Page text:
The leaders of Germany and France led a new effort to breathe life into long-stalled talks between Serbia and Kosovo but Serbia's president said the Europeans have unrealistic expectations.

Newly elected Kosovo PM Avdullah Hoti as he speaks to the media in Pristina (L) on June 3, 2020 and Serbian President Aleksandar Vucic addressing the media in Belgrade (R) on June 21, 2020.
Newly elected Kosovo PM Avdullah Hoti as he speaks to the media in Pristina (L) on June 3, 2020 and Serbian President Aleksandar Vucic addressing the media in Belgrade (R) on June 21, 2020. (AFP)

The leaders of Serbia and Kosovo have held their first talks in 18 months on resolving one of Europe's most intractable territorial disputes on Friday, agreeing to a face-to-face meeting next week on the "very difficult" process.

Serbia has refused to recognise Kosovo's unilateral declaration of independence after the province broke away in the bloody 1998-99 war that was ended only by a NATO bombing campaign against Serb troops.

Kosovo's Prime Minister Avdullah Hoti and Serbian President Aleksandar Vucic held a video summit that was also joined by French President Emmanuel Macron and German Chancellor Angela Merkel.

These discussions will be followed by more online talks on Sunday between Hoti and Vucic as well as EU officials, and then their meeting in Brussels on Thursday, Macron and Merkel said in a joint statement after the talks.

They encouraged Hoti and Vucic to "achieve substantial progress in the negotiations in the coming months," the statement said.

"There are very difficult perspectives for the outcome of this dialogue, but there is a commitment by everyone to proceed step by step," added a French presidential official, who asked not to be named.

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Pressure over joining EU

Both Kosovo and Serbia have been facing mounting pressure from the West to resolve the impasse which is seen as crucial to either side joining the EU.

Talks between Serbia and Kosovo broke down in November 2018.

"The normalisation of relations between Kosovo and Serbia is essential for the security and stability of the region and of great importance if the two countries are to join the EU," the statement by the French and German leaders said.

A senior EU official in Brussels who followed the talks echoed the sentiment that significant challenges remained, saying "This is the beginning of the story."

Hoti told the online summit that the normalisation of relations "can be achieved only if Kosovo and Serbia respect each other's statehood," his office said.

Speaking after the meeting, Vucic said, “we had really tough negotiations,” and that he told Macron and Merkel that if Kosovo's independence "is what they want to talk about, then these talks are completely meaningless.”

“We will not have an easy time in the future. I think we will be exposed to great, great, let me not say pressure, but expectations from our European partners," Vucic said.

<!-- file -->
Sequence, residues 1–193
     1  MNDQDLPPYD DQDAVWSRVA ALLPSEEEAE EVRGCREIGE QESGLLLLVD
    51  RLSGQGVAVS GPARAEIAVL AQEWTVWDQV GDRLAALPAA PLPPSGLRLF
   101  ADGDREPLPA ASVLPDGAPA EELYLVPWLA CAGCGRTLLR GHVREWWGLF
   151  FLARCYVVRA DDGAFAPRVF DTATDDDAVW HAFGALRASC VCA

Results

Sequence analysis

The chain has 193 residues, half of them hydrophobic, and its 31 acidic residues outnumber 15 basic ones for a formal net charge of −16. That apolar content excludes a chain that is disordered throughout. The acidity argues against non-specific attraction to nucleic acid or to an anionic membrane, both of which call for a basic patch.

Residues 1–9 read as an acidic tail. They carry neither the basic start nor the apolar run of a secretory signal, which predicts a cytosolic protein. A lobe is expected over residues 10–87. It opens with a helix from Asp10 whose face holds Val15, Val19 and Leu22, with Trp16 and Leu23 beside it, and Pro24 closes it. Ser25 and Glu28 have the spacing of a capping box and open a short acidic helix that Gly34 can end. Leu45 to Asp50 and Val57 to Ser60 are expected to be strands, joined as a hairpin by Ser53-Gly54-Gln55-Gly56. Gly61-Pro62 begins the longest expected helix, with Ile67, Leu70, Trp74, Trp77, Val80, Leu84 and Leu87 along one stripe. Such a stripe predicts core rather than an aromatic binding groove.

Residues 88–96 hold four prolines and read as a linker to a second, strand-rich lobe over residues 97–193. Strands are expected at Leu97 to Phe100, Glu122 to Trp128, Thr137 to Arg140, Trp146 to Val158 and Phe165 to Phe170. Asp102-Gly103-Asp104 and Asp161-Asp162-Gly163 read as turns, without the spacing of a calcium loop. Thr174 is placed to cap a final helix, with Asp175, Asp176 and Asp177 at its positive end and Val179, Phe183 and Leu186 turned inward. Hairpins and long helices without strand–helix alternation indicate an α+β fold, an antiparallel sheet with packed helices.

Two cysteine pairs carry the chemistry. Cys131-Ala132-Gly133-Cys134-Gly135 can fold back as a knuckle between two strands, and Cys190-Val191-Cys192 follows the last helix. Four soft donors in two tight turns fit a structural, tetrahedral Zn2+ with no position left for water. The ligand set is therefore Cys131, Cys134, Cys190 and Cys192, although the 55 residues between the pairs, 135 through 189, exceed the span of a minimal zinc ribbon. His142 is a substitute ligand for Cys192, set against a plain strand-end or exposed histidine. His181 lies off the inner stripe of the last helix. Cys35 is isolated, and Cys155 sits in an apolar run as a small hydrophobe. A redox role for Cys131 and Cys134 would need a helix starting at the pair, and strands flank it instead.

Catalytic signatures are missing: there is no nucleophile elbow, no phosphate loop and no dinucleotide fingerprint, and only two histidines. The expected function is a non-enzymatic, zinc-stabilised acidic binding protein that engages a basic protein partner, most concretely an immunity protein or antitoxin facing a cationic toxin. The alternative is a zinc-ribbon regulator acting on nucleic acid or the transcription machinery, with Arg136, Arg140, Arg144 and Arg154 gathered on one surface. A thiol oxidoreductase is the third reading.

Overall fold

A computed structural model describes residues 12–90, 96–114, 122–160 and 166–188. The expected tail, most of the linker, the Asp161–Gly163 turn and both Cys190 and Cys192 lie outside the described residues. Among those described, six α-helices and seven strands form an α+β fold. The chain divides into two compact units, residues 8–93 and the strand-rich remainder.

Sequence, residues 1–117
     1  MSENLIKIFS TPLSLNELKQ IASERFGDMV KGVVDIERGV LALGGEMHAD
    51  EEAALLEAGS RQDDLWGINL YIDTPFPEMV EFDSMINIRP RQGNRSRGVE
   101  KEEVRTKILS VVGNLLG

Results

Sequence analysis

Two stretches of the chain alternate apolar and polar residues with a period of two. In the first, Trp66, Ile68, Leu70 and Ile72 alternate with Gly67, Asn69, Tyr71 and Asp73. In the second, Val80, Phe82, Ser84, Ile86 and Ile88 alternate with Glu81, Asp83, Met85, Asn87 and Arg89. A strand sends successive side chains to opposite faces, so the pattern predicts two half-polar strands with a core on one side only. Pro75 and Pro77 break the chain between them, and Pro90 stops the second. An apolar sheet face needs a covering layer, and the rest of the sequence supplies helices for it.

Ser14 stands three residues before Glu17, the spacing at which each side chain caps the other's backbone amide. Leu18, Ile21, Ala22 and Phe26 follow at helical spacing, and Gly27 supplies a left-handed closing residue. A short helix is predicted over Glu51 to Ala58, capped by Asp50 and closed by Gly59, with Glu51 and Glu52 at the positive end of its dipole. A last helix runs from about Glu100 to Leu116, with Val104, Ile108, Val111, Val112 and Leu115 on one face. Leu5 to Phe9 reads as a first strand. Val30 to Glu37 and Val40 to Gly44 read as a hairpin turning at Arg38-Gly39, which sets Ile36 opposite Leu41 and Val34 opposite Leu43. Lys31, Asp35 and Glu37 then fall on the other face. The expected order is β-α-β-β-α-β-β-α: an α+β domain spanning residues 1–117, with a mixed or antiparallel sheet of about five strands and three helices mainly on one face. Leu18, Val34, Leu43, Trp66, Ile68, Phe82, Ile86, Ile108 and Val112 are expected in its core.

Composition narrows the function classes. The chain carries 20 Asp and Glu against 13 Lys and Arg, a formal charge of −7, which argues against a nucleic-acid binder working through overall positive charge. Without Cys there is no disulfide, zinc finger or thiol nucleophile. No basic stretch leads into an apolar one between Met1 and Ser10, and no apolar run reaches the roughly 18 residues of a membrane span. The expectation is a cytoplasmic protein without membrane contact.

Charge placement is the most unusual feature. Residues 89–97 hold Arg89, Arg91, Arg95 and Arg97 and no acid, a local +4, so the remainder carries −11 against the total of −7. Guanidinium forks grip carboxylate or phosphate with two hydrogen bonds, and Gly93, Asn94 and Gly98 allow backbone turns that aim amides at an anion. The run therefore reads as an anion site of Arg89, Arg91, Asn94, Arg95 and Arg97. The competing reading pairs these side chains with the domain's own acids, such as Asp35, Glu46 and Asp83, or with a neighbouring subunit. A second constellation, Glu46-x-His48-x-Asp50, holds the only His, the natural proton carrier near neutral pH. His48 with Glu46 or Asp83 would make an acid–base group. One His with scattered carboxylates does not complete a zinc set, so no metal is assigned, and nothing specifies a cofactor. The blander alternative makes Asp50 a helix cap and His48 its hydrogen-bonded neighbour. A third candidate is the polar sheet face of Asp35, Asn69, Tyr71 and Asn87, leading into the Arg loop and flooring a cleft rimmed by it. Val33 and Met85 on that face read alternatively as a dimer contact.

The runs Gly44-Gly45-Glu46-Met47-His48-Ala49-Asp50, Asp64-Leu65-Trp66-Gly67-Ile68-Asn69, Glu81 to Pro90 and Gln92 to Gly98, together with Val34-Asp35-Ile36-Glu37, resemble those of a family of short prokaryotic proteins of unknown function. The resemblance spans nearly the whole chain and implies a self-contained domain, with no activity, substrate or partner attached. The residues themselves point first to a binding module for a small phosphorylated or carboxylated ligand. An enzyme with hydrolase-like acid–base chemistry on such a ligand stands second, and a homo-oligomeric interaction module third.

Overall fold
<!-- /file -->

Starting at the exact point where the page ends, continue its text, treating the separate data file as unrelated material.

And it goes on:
"At the same time we are faced with a completely unrealistic approach from Kosovo Albanians who want it all, leaving Serbia without anything," he said.

'Leadership test'

More than 13,000 people died in the war, mostly Kosovo Albanians, who form a majority in the former province.

Vucic, who is facing a major crisis at home after protests over a new coronavirus lockdown in Serbia, had warned ahead of the talks that he did not expect a smooth ride and that "no one is going to cuddle us or give us a present."

The new push comes after Kosovo's President Hashim Thaci was charged last month with war crimes by prosecutors in The Hague.

Thaci's indictment led to the postponement of a White House summit between Serbia and Kosovo due to be held at the end of June.

European officials had bristled at the US initiative to deal with Thaci on its own – a strategy now torpedoed by the indictment – and the EU now appears newly determined to resolve the issue.

The French official acknowledged that this issue was a "test of European leadership."

Peter Stano, spokesman for EU on foreign affairs, denied that the issue was a "beauty contest" with the EU and US competing.

But he added, "The European Union has been there for Kosovo since the start, facilitating the dialogue since it started in 2011."

'Valid interlocutor'

During the war, Thaci was the political leader of the Kosovo Liberation Army (KLA), but prosecutors in The Hague suspect him of being behind nearly 100 murders, as well as numerous cases of persecution and torture that he is alleged to have committed during the 1998-99 Kosovo war and its aftermath.

Thaci, who has denied the charges, has said he would be interviewed by prosecutors in The Hague next week.

With Thaci focused on his legal defence, the EU official said it was clear the main point of contact for Kosovo was now Hoti.

READ MORE: EU's broken Balkan promise is 16 years in the making

Source: TRTWorld and agencies